The Cal Golden Bears have made themselves a most unwelcome guest so far this season, and they hope to keep up their rude ways on Saturday against USC.
Cal has gone into two of the most hostile environments in college football, Spartan Stadium in East Lansing, Mich. and Husky Stadium in Seattle, and come away with convincing wins each time. While the Bears have also managed two home victories, they have saved their best performances for the road in taking down then-No. 15 Michigan State and then-No. 12 Washington.
Including last season’s finale at Rutgers, the Bears are riding a three-game road win streak, and have won their last three games when traveling to play USC. The No. 20 Trojans will be the third straight nationally-ranked road opponent for Cal, as tough a travel schedule as any in the country.
The Bears’ road success may be linked to their miniscule home crowds. When coming from a laid-back Memorial Stadium crowd of less than 30,000, it’s understandable that the excitement outweighs the trepidation when playing in front of 70,000-plus crazed fans. With the Los Angeles Coliseum expecting a crowd in excess of 60,000 for Saturday’s matchup, the Bears will once again be surrounded by a sea of opposition fans.
“Even when the crowd’s going against you, it still gets you juiced,” Cal senior cornerback Jemeel Powell said. “I love playing at home, but when we go away, it’s just a different atmosphere.”
There’s little question that any college football player would rather play in front of a huge, loud audience than a scattered, sometimes distracted one.
“Playing in front of that big crowd, that’s what you want every week,” senior wide receiver LaShaun Ward said. “It’s what you used to think about and dream about.”
A whole bunch of the Bears will have even more motivation on Saturday against USC. Approximately half of the Cal players hail from southern California, with several of them choosing Cal over the Trojans. Although players like Powell and Ward are happy in Berkeley, they know there will be some extra attention on them come Saturday, both from the stands and the other sideline.
“A lot of times you have old teammates or friends on [southern California] teams, and it makes for a more competitive atmosphere,” said Powell, whose mother bought 37 tickets for the game. “We don’t want to get beat by people we know. It’s worse than being beaten by strangers.”
Other key Cal players from the bottom of the state including quarterback Kyle Boller, safety Nnamdi Asomugha and wide receiver Geoff McArthur. Boller expects a similar crowd to that of last year’s game at UCLA, where he had more than 100 friends and family in the stands, so there should be at least a smattering of blue and gold in the swarm of red at the Coliseum.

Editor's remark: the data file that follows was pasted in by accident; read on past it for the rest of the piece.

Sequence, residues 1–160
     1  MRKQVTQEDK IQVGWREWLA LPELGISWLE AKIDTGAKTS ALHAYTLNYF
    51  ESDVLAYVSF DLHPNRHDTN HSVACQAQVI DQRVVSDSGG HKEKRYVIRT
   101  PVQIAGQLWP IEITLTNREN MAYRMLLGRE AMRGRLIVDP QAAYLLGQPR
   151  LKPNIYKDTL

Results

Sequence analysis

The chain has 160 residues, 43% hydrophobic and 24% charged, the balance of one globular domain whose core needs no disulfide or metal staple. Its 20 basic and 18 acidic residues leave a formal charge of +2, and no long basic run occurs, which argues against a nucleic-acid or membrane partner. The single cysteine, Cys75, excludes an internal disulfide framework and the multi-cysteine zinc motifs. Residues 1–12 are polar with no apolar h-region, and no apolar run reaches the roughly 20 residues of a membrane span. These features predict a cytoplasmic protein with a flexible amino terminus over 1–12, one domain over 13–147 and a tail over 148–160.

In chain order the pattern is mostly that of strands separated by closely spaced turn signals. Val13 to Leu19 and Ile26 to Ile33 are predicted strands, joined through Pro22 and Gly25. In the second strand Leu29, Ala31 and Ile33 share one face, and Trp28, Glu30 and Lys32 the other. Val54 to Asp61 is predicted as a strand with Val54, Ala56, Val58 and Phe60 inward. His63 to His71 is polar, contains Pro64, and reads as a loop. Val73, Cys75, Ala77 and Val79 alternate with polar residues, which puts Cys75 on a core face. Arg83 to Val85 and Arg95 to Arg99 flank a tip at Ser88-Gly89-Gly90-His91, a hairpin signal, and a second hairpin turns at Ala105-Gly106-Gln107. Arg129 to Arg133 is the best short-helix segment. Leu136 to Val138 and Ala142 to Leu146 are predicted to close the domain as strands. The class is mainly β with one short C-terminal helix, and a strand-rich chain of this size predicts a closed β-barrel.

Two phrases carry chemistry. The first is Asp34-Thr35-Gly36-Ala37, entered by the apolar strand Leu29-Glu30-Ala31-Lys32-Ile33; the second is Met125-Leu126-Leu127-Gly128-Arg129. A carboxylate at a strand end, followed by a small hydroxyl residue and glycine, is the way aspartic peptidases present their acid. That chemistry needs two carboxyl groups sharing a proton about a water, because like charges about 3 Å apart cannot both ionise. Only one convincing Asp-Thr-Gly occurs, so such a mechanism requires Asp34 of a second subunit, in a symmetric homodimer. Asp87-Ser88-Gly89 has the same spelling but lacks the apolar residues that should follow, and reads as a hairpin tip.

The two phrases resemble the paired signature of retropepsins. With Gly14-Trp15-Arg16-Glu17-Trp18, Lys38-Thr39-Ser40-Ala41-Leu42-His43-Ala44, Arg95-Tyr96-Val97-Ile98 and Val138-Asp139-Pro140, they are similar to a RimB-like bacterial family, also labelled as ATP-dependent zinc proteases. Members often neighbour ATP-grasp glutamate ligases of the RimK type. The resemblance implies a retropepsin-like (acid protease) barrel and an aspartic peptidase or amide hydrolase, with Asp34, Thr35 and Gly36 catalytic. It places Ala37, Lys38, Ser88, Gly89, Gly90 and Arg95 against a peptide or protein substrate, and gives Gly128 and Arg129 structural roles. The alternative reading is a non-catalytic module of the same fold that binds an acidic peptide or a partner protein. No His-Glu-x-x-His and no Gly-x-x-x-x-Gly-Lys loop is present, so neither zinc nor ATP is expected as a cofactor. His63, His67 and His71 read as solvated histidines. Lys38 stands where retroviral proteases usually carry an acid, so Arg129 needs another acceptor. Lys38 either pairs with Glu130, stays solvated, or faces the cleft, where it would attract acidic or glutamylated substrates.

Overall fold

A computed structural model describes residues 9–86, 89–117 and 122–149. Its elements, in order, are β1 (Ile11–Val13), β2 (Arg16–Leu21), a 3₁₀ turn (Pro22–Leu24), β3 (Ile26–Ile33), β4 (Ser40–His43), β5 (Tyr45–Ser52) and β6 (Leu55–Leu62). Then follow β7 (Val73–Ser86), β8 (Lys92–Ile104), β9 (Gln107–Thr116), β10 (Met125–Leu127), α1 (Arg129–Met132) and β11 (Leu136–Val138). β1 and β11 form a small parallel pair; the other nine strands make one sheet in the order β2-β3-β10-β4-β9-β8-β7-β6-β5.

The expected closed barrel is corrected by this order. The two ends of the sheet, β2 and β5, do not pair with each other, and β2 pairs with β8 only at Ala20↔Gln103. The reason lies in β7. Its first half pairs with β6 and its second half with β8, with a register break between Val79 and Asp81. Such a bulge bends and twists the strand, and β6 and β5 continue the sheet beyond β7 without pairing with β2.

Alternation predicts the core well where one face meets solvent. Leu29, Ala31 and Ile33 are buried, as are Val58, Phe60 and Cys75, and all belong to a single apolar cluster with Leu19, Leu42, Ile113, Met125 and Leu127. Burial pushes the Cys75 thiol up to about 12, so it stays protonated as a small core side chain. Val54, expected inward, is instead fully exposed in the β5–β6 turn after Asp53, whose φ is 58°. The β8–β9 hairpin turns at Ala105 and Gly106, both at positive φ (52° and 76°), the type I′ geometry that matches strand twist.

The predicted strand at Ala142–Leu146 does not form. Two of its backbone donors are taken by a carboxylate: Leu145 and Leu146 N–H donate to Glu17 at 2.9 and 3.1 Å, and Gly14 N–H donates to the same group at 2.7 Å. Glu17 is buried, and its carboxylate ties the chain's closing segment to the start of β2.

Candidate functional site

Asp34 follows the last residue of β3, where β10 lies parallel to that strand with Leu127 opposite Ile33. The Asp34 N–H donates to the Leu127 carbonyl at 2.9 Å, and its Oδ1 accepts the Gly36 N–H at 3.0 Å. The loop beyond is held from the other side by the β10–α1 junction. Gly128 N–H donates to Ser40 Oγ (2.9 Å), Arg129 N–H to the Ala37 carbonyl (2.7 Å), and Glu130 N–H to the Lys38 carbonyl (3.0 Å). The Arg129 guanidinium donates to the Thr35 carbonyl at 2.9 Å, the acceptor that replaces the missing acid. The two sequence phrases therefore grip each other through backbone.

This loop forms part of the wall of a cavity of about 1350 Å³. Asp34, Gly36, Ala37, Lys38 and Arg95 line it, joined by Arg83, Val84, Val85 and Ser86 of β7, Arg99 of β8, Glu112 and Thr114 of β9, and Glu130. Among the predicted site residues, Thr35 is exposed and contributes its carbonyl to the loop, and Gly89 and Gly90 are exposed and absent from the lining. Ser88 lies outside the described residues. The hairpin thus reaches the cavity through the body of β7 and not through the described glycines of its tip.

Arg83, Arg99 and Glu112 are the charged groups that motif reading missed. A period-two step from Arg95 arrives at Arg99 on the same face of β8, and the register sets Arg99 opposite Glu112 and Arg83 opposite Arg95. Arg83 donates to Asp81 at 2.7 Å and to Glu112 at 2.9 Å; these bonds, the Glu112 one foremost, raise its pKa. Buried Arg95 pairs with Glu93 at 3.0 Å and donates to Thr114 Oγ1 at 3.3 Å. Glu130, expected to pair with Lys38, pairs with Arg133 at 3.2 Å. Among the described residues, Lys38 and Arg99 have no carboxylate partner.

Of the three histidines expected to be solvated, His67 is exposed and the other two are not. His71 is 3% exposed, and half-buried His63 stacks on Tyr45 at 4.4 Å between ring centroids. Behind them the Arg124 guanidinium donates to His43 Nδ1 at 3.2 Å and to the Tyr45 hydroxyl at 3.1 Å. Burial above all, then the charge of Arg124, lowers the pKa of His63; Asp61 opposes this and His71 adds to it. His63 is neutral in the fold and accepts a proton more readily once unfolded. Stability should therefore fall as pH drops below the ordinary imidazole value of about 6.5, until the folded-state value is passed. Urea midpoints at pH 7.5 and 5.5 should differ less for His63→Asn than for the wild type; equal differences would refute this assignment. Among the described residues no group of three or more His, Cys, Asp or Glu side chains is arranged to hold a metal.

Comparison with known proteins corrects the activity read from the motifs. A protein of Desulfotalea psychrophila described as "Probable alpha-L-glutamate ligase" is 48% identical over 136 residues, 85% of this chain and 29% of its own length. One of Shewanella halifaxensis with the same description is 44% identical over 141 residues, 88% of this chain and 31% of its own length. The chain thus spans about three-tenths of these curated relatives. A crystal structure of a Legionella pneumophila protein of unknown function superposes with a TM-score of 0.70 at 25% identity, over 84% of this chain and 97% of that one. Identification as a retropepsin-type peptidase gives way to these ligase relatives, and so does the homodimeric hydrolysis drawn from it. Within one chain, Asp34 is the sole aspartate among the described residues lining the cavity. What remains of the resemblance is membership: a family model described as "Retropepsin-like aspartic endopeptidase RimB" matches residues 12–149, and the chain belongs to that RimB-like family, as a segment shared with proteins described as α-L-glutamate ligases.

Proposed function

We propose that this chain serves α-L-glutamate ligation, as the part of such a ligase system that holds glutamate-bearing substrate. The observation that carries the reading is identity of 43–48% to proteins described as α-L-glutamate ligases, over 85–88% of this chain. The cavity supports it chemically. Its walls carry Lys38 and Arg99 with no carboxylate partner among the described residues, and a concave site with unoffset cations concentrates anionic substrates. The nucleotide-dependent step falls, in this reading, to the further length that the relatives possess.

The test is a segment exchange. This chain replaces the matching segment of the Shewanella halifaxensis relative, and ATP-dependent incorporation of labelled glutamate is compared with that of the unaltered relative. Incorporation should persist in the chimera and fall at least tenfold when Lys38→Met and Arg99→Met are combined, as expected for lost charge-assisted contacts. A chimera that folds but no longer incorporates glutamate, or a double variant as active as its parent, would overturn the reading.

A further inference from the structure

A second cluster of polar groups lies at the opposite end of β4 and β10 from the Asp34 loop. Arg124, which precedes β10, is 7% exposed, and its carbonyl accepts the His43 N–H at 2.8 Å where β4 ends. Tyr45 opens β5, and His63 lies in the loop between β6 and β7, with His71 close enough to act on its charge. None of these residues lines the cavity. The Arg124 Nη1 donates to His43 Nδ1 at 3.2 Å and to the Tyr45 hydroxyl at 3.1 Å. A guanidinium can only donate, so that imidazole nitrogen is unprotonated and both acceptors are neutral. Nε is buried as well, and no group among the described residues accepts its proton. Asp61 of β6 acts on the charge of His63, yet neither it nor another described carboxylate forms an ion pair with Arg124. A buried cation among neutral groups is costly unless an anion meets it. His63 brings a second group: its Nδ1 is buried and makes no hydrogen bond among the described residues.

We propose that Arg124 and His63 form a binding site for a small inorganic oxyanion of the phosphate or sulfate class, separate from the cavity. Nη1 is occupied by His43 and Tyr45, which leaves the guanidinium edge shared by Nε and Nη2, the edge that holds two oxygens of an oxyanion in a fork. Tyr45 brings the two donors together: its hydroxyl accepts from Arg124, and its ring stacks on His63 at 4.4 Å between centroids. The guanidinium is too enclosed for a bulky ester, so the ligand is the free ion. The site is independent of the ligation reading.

The Bears have played both USC and UCLA tough in the past few years, including sweeps of the SoCal schools in both 1999 and 2000. While Cal suffered blowouts at the hands of both last season, the recent resurgence under new head coach Jeff Tedford undoubtedly has drawn attention from the rest of the Pac-10. Teams are taking the Bears seriously.
“It’s just an extraordinary story what Tedford hs been able to do in such a short time,” USC head coach Pete Carroll said this week. “He’s got that team playing very well in all phases of the game.”
So the Bears aren’t likely to sneak up on the Trojans, who will be in a bad mood after losing to Washington State in overtime last week. Both teams are 1-1 in conference play, and the winner of Saturday’s game will be headed in the right direction toward a bowl game while the loser will be facing a tough climb to the top of the standings.
And for the Bears, there’s the possibility of seeing yet another huge crowd filing out of the stadium in silence, perhaps even before the final whistle with their team hopelessly behind on the scoreboard.
“When you can shut them up, all those people, it’s just a great feeling,” Ward said.
Notes: Boller was named Pac-10 Offensive Player of the Week for his performance against Washington. The senior threw for a career-high five touchdowns against the Huskies... Starting wide receivers Geoff McArthur and Jonathon Makonnen are both day-to-day with hamstring injuries. McArthur took part in just two plays against Washington after straining his hamstring in practice last week, while Makonnen suffered his injury during the game. Junior Vincent Strang filled in for McArthur and caught two passes, including a 55-yard touchdown... Junior guard Jon Geisel is questionable for Saturday’s game. Geisel missed the Washington game, with David Hays filling in... Tedford praised true freshman Donnie McCleskey for his play at rover against Washington. “Donnie gives 100 percent every single snap,” Tedford said. “We don’t lose much with him in there.” The usual starter, Nnamdi Asomugha, played cornerback for most of the game to match up with huge WR Reggie Wiliams... USC safety Troy Polamalu, who Carroll calls his team’s “best football player,” is questionable for Saturday’s game after suffering an injury against Washington State last week. Tedford said he expects Polamalu to play.